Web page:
This biannual course is taught on years 2014-2015, 2016-2017, ...
This course is designed to allow students to make their own contributions, including lectures and active participation in seminar discussions.
Instruction will concentrate on students' choosing historical periods as " case studies ", to be examined in depth based on the theme " Contact and Exchange " [d. Contemporary Period [3 cr.]]. These thematic areas are to be examined by means of current tendencies in historiography, the identification of problematics and the use of well-known or experimental techniques.
The contribution of this Teaching Unit to the development and command of the skills and learning outcomes of the programme(s) can be accessed at the end of this sheet, in the section entitled “Programmes/courses offering this Teaching Unit”.
The aim of the course is to familiarise students with historical themes linking several geographical areas during the same time period. We will be studying the conditions and consequences of contact between different cultural contexts, looking beyond their specificities. By fostering an outward-looking approach and a comparative methodology, students will be encouraged to think critically and to become aware of current historiographical, even political, debates.
The first part of this course will aim to study the historical development and political, economic and cultural specificities of the countries of Europe and Africa, highlighting the tensions between ‘unity’ and ‘diversity’. We will consider, in particular, ‘regional’ integration models, the challenges generated by these, particularly in Central and Eastern Europe, as well as the challenges engendered in Africa. Taking topical examples from current affairs, we will identify the specific obstacles to interregional cooperation between the European Union and the African Union. These topical cases will raise issues of political governance, development cooperation, trade, migration, and conflict prevention and/or management.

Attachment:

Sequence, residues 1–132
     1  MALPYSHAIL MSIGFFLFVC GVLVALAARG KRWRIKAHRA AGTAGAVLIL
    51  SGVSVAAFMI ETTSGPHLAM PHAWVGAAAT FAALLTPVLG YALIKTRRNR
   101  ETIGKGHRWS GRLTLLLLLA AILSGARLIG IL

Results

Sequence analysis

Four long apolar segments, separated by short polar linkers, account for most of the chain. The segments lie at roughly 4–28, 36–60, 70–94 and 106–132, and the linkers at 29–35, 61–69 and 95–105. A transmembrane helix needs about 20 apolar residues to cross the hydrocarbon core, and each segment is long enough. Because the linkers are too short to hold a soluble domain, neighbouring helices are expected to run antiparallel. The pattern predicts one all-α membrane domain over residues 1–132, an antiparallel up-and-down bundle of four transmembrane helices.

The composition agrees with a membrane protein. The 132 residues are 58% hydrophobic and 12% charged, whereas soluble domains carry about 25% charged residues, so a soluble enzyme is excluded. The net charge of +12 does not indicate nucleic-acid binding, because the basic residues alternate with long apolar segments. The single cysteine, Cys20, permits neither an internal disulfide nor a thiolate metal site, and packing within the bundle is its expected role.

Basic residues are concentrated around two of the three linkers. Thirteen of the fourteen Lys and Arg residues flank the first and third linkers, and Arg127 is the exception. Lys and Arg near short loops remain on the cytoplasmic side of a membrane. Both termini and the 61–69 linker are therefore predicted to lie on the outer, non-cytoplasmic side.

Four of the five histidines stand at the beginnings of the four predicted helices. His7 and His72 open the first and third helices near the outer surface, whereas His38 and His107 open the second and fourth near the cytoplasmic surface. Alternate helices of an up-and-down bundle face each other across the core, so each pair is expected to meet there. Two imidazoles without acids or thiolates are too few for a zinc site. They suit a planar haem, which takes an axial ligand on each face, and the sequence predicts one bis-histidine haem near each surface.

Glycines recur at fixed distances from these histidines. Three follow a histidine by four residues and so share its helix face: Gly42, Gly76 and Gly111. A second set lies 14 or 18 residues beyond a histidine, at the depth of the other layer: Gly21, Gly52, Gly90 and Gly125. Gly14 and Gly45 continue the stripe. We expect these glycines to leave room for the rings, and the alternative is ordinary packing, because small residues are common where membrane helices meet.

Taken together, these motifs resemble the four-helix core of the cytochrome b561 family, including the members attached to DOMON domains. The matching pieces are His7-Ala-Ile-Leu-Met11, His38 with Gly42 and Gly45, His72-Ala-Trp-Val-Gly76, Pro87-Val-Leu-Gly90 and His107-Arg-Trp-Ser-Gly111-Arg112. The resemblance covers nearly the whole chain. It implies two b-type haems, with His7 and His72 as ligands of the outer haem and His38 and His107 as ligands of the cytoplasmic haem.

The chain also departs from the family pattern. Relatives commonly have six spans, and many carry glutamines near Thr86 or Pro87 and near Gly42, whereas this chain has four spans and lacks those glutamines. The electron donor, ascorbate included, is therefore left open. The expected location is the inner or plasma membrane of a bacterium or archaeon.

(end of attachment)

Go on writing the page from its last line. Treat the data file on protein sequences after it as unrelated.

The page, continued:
In the second part of the course, students will examine relations between the Middle-East and Europe in contemporary times. In Egypt and the Middle East, the 18th century ended with an event of unprecedented significance: in 1798, the French army crushed Mamluk/Ottoman resistance and conquered Cairo. Although French colonisation would only last for a few years, in the following century the European powers and Russia seized all the territories in North Africa and the Middle East. For 19th century politicians, the ‘ulama’ and intellectuals, the question which arose is one which still echoes down through the years: ‘How did the Europeans, formerly conquered and subjugated, become the triumphant victors?’ Having placed this question in its necessary historical context, we shall analyse the answer given by various cultural, political and social actors, thus gaining better understanding of its impact on the societies affected.
The class sessions will centre on a dynamic, participatory exchange of ideas between students and teacher. The students will be given a detailed plan of the course, a set of core documents, as well as further reading list to broaden their horizons.
The oral exam will test students on the material covered in the course and may include the presentation of individual course work based on reading, iconographic or audiovisual documentation. Account will also be taken in the evaluation of students’ participation in the sessions.
The PowerPoints from the classes, the bibliography and practical information are all available and can be downloaded from the course Moodle platform.